Results

Forty-five consecutive patients received a MARPE treatment with the Dutch Maxillary Expansion Device. Three patients were excluded: one who chose to terminate the orthodontic treatment after two days and two who needed a second MARPE device to achieve sufficient expansion. Finally, 42 patients (9 men, 33 women) with a mean age of 27.4 ± 9.3 years old (age range 17.1–55.7 years) and a mean expansion duration (P1) of 33.6 ± 11.4 days (range 21–70 days) were included. Forty of them were successful, achieving the required amount of maxillary expansion without the need for a surgical intervention (SARPE). The expansion failed in two patients (2 men; 26.4 and 56.0 years old) and was discontinued, but they were included in the study group because the expansion procedure did not differ from the successful group. From 42 patients, 7 achieved the required amount of maxillary expansion and completed the treatment after 3 weeks, while 35 patients continued expanding. After 4 weeks, 12 more patients completed their expansion and 23 patients continued, while after 5 weeks, another 14 patients ended the treatment, together representing the vast majority of 33 out of 42 or 78.6% of patients, who completed their expansion within 5 weeks. The remaining 9 patients continued expanding until the 6th week, when 2 finished; 7 patients continued until the 7th week, when another 2 finished; 5 patients until the 8th week, when 4 finished; and one last patient expanded until the 10th week in order to achieve the required amount of expansion.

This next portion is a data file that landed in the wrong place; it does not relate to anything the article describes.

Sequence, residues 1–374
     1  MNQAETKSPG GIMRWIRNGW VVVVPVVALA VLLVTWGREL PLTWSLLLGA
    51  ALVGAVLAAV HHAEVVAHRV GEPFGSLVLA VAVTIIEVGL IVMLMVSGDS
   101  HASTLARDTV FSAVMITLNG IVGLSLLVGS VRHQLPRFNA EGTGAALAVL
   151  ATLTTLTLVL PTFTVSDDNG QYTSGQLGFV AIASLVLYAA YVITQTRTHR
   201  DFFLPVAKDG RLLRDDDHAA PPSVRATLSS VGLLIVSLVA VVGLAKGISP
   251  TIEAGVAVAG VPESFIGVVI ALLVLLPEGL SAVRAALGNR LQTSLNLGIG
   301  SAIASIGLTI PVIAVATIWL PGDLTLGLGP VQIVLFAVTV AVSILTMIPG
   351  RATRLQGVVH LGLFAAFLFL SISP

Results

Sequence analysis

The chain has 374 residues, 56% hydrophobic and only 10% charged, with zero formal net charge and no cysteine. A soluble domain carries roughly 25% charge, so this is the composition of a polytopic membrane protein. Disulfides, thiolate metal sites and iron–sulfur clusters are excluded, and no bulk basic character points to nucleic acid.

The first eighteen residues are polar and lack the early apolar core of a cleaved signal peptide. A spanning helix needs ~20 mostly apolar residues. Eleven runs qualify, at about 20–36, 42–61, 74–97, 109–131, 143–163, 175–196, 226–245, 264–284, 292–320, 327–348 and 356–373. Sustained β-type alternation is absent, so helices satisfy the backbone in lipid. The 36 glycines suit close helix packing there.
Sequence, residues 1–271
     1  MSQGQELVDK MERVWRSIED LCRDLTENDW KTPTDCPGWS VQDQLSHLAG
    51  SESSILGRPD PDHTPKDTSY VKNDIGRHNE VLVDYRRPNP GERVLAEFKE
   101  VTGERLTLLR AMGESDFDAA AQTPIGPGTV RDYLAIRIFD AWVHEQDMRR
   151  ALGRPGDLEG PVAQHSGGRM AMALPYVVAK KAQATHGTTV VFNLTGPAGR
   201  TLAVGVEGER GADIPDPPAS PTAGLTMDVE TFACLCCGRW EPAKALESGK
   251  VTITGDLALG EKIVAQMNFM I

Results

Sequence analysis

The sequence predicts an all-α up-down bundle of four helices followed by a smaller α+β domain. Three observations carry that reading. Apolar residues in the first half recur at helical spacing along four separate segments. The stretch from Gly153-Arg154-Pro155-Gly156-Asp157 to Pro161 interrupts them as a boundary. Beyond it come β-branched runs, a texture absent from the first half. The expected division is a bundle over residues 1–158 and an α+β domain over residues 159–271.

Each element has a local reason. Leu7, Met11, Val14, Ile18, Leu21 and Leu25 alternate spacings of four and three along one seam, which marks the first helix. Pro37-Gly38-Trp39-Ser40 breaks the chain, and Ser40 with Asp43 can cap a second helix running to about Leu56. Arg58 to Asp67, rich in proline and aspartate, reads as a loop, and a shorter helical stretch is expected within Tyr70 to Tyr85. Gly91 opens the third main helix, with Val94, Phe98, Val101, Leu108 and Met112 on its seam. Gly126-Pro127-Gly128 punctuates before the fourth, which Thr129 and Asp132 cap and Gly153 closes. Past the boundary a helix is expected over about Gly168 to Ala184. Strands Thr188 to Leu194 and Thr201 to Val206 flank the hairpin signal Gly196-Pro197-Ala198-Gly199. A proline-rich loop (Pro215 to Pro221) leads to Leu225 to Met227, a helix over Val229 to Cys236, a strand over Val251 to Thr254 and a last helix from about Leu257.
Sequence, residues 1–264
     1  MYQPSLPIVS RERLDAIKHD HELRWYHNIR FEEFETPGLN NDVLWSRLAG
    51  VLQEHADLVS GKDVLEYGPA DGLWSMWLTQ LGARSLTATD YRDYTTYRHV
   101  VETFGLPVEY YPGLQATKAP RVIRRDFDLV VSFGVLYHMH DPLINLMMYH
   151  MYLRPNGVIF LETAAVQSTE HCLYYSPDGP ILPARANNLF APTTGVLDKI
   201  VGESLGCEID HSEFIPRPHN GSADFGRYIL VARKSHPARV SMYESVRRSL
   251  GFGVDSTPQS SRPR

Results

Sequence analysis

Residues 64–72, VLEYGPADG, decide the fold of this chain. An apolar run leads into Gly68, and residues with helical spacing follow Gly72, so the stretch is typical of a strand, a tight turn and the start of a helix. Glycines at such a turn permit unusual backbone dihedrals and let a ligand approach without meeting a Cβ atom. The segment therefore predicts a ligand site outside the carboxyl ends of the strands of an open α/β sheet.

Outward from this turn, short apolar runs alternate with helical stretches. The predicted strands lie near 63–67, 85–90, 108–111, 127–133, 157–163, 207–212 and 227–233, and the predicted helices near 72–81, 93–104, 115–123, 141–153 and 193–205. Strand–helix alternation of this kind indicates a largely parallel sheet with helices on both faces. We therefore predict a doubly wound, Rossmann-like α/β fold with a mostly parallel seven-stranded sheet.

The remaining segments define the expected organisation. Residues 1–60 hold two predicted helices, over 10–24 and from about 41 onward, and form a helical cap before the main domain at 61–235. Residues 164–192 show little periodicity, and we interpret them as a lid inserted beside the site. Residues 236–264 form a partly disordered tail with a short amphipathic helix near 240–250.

Oral Health-related Quality of Life

The response rate for the OHIP-NL14 was 100%. The results for the OHIP-scores at T0, for every week during P1, and for P2 are shown in Table 2. The mean OHIP-score was 10.86 ± 9.71 at T0 and increased significantly to a mean score of 17.18 ± 10.43 during P1 (p < 0.001). During P2, the mean OHIP-score was 9.27 ± 7.92, a significant decrease from P1 (p < 0.001). There was no significant difference in OHIP-score between T0 and P2 (p = 0.907). At the week level, during P1, the mean OHIP-score was highest at the start of expansion, first week: 25.00 ± 10.25 (N = 42), and decreased by the end of expansion. Figure 4 shows the results for T0, the first 5 weeks of P1 (N = 33), and P2.

Table 2 Results of the OHIP and pain questionnaires
Fig. 4
figure 4

Results of the OHIP-14 questionnaires. Mean OHIP-score ± SD and the sample size (N) are shown for T0, the first five weeks during P1, and for P2. The green bar represents a mild, the yellow bar a moderate and the red bar a severe negative impact on OHRQoL